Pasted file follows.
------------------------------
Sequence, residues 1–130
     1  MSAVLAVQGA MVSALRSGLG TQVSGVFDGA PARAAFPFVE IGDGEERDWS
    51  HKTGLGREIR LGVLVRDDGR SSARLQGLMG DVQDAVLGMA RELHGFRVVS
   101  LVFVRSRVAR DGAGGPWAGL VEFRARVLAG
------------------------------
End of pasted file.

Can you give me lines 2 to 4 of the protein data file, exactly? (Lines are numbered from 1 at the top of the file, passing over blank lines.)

     1  MSAVLAVQGA MVSALRSGLG TQVSGVFDGA PARAAFPFVE IGDGEERDWS
    51  HKTGLGREIR LGVLVRDDGR SSARLQGLMG DVQDAVLGMA RELHGFRVVS
   101  LVFVRSRVAR DGAGGPWAGL VEFRARVLAG